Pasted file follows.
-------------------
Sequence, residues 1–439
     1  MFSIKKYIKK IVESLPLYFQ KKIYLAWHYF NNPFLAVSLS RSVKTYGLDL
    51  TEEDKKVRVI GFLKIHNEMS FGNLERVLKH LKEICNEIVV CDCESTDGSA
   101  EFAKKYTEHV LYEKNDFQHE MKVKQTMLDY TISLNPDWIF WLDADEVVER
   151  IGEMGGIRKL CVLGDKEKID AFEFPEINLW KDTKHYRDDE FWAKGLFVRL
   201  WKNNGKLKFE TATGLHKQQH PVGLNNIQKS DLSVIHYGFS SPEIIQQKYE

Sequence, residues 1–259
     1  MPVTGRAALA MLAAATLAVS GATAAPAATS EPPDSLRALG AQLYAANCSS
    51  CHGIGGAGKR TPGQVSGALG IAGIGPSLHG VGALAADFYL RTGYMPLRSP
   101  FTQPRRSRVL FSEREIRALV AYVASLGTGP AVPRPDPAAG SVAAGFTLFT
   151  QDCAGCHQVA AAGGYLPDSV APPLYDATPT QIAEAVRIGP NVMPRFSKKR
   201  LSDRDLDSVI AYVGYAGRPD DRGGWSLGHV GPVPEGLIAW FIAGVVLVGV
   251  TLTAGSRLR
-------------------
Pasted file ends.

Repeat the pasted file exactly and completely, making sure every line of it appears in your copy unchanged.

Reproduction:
Sequence, residues 1–439
     1  MFSIKKYIKK IVESLPLYFQ KKIYLAWHYF NNPFLAVSLS RSVKTYGLDL
    51  TEEDKKVRVI GFLKIHNEMS FGNLERVLKH LKEICNEIVV CDCESTDGSA
   101  EFAKKYTEHV LYEKNDFQHE MKVKQTMLDY TISLNPDWIF WLDADEVVER
   151  IGEMGGIRKL CVLGDKEKID AFEFPEINLW KDTKHYRDDE FWAKGLFVRL
   201  WKNNGKLKFE TATGLHKQQH PVGLNNIQKS DLSVIHYGFS SPEIIQQKYE

Sequence, residues 1–259
     1  MPVTGRAALA MLAAATLAVS GATAAPAATS EPPDSLRALG AQLYAANCSS
    51  CHGIGGAGKR TPGQVSGALG IAGIGPSLHG VGALAADFYL RTGYMPLRSP
   101  FTQPRRSRVL FSEREIRALV AYVASLGTGP AVPRPDPAAG SVAAGFTLFT
   151  QDCAGCHQVA AAGGYLPDSV APPLYDATPT QIAEAVRIGP NVMPRFSKKR
   201  LSDRDLDSVI AYVGYAGRPD DRGGWSLGHV GPVPEGLIAW FIAGVVLVGV
   251  TLTAGSRLR